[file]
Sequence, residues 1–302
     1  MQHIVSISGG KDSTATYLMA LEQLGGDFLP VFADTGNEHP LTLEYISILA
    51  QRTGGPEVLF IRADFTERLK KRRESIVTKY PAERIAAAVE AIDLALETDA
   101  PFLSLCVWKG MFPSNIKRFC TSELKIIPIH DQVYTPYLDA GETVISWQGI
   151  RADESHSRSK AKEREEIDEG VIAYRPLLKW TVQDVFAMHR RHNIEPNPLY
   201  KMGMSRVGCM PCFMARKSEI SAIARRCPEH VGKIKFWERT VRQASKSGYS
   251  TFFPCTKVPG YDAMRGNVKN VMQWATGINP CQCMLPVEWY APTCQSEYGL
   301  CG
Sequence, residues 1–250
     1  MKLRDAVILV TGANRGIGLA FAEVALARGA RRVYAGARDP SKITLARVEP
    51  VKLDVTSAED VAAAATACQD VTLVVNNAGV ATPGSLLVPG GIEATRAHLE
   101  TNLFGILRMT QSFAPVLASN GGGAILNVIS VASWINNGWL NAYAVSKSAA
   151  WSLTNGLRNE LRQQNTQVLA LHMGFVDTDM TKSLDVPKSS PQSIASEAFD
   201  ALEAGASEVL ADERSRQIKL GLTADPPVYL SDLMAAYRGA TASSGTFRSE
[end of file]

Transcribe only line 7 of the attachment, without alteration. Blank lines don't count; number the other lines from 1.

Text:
   251  TFFPCTKVPG YDAMRGNVKN VMQWATGINP CQCMLPVEWY APTCQSEYGL